Meat glue: it's what's for dinner!
It may well be, as meat glue--transglutaminase--is used to make fake steak, sausage and hot dogs, imitation crab, fish balls, and, I suspect (but don't know for sure) chicken nuggets.
TG is an enzyme that catalyzes covalent bonds between free amine groups in a protein, like lysine, and gamma-caroxminid groups, like glutamine. These bonds are pretty durable and resist degradation once the food has been formed.
In other words, it's a very strong glue. The enzyme comes from pig or cow blood, but if it's in your food, you probably won't know it, as there is no labeling requirement. If it's on the label at all, it will be as "composite meat product," so you might want to read those labels.
Watch the video to get an idea of how it works. For a "steak," say, you sprinkle the meat glue over chunks of meat, roll them up tightly in plastic wrap, and refrigerate overnight. In the morning, you've got a roll of meat that can be sliced into filet mignon-type "steaks." Notice, in the video, that the butcher and the reporter wear masks as the TG is sprinkled onto the meat. That's because they don't want to risk thrombosis.
Meat glue has recently been approved by the EU. Plenty of consumers are outraged by the decision, which reverses the EU's previous stance.
Many people, however, not only have no problem with TG, but wholeheartedly embrace it. Nils Noren and Dave Arnold, who author the high-tech food blog Cooking Issues, are enthusiastic about it. Innovative, avant-garde chefs experiment with it, producing such things as pasta made almost entirely out of shrimp. With meat glue, you can take different types of fish and meld them together for a new kind of fillet, or different kinds of meat for a "mixed grill."
Over at BoingBoing, Maggie Koerth-Baker and her commenters wax enthusiastic about the stuff. Commenters have used it to make turkey confit and to glue bacon and scallops together. Also coming in for praise on the blog is the idea of not wasting any meat--making what was previously un-sellable attractive and sellable.
After all, humans have long used meat scraps and the less aesthetically appealing parts of the animal in head cheese, blood sausage (black pudding), and the like. Someone on BoingBoing mentioned how native Americans used every part of the buffalo.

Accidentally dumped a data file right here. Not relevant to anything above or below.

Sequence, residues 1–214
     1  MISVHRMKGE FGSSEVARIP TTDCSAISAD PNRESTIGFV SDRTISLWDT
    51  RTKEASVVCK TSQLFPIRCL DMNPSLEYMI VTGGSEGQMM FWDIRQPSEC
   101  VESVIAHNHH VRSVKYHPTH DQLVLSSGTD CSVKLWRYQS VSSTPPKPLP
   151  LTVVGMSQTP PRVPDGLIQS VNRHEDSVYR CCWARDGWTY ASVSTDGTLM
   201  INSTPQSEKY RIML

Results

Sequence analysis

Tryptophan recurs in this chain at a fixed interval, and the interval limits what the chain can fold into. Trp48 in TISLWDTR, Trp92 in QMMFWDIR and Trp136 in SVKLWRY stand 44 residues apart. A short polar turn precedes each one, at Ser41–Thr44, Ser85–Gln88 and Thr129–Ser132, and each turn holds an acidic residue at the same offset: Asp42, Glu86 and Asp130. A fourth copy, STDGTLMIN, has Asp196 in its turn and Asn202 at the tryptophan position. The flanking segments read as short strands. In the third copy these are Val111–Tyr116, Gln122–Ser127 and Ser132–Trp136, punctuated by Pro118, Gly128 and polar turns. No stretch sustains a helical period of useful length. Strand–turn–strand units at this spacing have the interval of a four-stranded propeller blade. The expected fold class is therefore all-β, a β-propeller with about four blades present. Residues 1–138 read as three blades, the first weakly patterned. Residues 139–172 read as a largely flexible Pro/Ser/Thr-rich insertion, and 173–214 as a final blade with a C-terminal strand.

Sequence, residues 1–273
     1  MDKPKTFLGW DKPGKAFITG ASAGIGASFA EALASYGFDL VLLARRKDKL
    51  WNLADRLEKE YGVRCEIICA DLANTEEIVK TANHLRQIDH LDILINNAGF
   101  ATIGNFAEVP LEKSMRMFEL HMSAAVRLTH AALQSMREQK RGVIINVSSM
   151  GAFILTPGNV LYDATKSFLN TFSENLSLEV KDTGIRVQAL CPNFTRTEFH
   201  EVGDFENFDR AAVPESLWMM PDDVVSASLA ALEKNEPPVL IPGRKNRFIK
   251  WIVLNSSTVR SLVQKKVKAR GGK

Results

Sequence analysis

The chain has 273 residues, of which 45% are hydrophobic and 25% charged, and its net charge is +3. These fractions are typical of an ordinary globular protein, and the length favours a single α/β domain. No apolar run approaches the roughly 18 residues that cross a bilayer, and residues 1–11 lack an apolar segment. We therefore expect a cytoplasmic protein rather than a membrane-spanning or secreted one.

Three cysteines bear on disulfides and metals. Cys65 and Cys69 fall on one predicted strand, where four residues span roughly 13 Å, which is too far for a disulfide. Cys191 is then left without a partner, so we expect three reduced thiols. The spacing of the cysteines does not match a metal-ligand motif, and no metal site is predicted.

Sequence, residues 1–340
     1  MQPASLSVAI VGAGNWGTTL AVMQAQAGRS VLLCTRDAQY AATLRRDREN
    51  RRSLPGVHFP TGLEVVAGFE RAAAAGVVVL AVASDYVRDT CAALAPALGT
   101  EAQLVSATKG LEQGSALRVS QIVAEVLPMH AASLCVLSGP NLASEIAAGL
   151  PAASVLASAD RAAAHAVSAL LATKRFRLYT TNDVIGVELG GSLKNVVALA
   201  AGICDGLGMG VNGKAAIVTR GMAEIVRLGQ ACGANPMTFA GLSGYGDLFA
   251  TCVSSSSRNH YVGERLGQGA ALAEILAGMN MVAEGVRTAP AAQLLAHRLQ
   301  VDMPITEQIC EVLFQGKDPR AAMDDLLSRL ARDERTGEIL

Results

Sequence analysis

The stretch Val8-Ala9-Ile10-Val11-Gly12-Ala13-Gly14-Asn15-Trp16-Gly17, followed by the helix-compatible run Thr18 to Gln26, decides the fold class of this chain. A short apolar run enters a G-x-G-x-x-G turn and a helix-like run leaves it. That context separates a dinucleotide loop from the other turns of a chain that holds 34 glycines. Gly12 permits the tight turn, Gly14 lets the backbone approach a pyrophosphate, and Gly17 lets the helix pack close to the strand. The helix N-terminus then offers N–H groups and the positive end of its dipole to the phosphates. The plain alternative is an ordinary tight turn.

I can see the point, but unless I have a guarantee that the meat comes from grass-fed beef without antibiotics or hormones, I myself would rather not eat certain scraps. Organ meats in CAFO animals are notorious for their concentrated toxins.
Also, there is a much higher risk of food poisoning with "steaks" made with meat glue. As microbiologist Glenn Pener points out in the video linked above, “The amount of bacteria on a steak that’s been put together with meat glue is hundreds of time higher.” Why? Because scraps of meat put together feature bits that were on the outside--where bacteria can gather--but now have surfaces on the inside, where it's hard to get rid of them through cooking. Think about grilling a real steak. Bacteria on the outside will be killed by cooking, but if you're eating your steak somewhat on the rare side, that inner meat doesn't cook as much. Which is fine, because (especially after dry-aging) the inside of the meat is a lot safer. But a patched-together "steak" has lots of exterior (think beef stew meat) that becomes interior. Those previously exterior pieces are hard to cook thoroughly. For this reason, restructured steak should, according to the Wiki entry, always be cooked well-done. I doubt that it always is, though.
And finally, consumers should feel insulted by the deception going on. Inferior meats can be sold as if they were premium cuts: good for profits. Along with such things as surimi and restructured steak, one of the uses for meat glue listed in the Wiki entry is
(Before leaving the uses for transglutaminase, I should point out that "meat glue" is something of a misnomer, as TG is also sometimes used in noodles and in milk and yogurt.)
I really resent the deception employed by the meat industry. There's no end to it: gas-injected packaging to keep meat red; water injection to make it plumper, heavier (pay by the pound, remember?), and better looking; pink slime in ground beef; and now I learn about meat glue.
I also tend toward plain cooking (Mark Bittman is my hero) with natural ingredients, and meat glue doesn't fit into my food philosophy at all. But hey, if meat glue sounds like something you'd like to try in your own kitchen, you can buy some through Amazon!